“Four of the responding deputies discharged their firearms,” states the report. “Stevenson was struck several times, resulting in his death. The incident was not recorded on any dash cameras or body cameras. Furthermore, there is no video of this incident known to law enforcement.”

    Louisiana State Police investigators from Hammond oversaw the investigation.

    This case is one of four officer-involved shooting deaths that occurred within East Baton Rouge Parish in 2016.

    ONLINE: Read the official report here.

    Read more »

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    Protesters, leaders vow: ‘We will not destroy or burn down our community’

    Alton Sterling’s death has inspired nationwide protests backed by thousands of Americans who want to end police brutality and the unremitting laws that seem to protect those who are employed to serve and protect citizens.

    Sterling’s name is being called by people all over the world who are partaking in public demonstrations, rallies, and protests seeking justice for his death and that of Philando Castile, Dylan Noble, and others who were killed by police officers. With the continued efforts being taken to protest, many people are optimistic about the possibility of justice being served this time around, but what happens if the verdict isn’t in favor of the victims? How will supporters feel? Will the public outcry lead to a volatile response from protesters? In Baton Rouge, leaders are extending a strong message to citizens currently fighting for justice and against police brutality. They are saying, with microphones in hand and in casual conversations, “Rioting and looting aren’t effective forms of retaliation. We will not destroy Baton Rouge.”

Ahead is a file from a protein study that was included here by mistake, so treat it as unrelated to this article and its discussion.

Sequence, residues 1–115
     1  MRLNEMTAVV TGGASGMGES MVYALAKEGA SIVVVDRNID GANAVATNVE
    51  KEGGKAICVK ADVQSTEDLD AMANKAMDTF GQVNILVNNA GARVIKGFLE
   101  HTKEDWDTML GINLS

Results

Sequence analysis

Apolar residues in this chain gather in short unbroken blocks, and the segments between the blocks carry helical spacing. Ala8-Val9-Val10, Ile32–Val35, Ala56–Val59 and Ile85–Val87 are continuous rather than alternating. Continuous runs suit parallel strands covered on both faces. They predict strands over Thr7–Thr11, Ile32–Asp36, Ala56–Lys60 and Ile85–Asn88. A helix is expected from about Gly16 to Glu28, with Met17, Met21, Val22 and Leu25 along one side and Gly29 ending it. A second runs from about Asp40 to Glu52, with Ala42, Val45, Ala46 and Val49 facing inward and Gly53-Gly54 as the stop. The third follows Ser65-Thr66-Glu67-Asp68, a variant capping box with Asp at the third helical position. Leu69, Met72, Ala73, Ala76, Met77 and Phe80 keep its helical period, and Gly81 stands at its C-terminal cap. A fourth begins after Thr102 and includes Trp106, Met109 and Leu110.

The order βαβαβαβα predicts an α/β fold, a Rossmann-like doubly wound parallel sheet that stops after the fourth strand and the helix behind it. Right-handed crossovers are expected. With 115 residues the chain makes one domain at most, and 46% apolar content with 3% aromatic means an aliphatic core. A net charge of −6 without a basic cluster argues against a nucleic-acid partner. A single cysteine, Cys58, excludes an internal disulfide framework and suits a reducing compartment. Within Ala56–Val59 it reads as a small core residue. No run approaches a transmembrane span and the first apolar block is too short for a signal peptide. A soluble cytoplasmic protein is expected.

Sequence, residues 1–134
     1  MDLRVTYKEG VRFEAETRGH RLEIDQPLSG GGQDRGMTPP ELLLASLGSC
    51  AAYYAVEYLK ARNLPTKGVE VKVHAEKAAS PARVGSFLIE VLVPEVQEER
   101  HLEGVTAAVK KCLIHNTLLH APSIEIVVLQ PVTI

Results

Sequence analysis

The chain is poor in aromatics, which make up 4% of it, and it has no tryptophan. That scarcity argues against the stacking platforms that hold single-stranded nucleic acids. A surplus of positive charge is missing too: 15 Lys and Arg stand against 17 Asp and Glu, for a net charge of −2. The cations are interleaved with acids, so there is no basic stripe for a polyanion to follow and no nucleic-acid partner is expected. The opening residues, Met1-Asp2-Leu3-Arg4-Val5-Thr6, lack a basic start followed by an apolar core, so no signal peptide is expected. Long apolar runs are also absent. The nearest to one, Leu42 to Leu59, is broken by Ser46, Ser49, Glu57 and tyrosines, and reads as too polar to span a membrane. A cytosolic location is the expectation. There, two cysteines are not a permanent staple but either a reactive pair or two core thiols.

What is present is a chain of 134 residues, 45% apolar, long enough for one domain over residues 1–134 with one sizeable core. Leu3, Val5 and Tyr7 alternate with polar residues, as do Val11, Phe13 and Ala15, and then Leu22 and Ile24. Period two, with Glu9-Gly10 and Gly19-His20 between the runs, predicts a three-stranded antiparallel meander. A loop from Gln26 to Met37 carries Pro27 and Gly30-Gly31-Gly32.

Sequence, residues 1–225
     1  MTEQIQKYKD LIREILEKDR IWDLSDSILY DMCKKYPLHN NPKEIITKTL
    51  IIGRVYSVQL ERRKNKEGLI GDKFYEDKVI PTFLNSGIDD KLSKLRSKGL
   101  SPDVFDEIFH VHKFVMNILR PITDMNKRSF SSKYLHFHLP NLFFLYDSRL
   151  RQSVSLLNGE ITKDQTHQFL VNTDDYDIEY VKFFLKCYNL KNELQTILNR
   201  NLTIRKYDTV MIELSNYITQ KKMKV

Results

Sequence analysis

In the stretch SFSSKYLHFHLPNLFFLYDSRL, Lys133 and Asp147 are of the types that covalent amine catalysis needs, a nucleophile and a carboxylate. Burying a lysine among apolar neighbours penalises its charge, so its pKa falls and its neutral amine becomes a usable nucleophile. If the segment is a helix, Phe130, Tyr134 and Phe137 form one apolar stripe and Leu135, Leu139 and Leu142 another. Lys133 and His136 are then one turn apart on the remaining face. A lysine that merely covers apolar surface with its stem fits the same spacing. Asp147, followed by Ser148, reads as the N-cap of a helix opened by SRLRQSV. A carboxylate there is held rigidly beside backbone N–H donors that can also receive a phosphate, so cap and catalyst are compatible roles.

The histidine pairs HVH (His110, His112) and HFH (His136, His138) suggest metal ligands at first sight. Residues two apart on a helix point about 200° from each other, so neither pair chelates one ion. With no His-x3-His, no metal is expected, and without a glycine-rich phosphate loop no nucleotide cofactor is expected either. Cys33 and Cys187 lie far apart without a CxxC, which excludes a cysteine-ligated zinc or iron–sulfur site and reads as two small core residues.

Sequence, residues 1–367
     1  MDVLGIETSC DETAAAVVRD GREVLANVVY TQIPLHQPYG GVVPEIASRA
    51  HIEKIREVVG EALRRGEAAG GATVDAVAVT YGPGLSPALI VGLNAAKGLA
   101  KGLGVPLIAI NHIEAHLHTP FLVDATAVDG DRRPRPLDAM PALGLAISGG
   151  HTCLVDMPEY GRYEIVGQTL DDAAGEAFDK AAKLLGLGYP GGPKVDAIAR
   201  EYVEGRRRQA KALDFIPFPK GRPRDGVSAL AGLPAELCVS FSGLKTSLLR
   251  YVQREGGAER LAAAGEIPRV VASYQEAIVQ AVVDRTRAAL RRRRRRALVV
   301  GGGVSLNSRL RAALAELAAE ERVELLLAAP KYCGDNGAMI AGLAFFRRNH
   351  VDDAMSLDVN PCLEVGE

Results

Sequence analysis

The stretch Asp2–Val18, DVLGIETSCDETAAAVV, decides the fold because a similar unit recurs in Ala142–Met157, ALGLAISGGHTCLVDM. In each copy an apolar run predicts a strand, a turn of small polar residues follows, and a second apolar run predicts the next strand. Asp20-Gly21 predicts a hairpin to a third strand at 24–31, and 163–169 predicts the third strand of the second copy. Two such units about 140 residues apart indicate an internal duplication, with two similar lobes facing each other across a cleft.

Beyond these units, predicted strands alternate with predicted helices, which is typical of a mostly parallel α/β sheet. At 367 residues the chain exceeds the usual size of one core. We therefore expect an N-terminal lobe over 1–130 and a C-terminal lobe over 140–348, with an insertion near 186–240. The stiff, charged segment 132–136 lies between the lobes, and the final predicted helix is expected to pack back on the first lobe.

In the past, America has seen the devastating aftermath and retaliation from outraged protesters and residents following seemingly “unjust” verdicts. Many of the most highly publicized officer-involved shootings have resulted in non-indictments, non-guilty verdicts, and dropped charges.

    Despite facing incriminating evidence and unedited videos of their attacks, overly aggressive—and often violent—police officers have managed to walk away from cases with judges ruling in their favor. Instead of serving time, these officers end up getting a slap on the wrist or a severance package to move on with their lives. Only to be met with violent uproar within the communities left on the other side of justice.

    Local community leaders and elected officials have stepped into what could’ve been riotous moments during the protests following Sterling’s killing and deescalated situations in an effort to keep peace. With emotions and tensions at it peak, these leaders say they aren’t personally concerned about the possibility of local looting, but some residents are.“I don’t have a concern about looting, but I’m a business owner and a property owner so, I do know other business and property owners may be worried about those possibilities because they aren’t as close to the situation as I am,” said businessman Cleve Dunn Jr.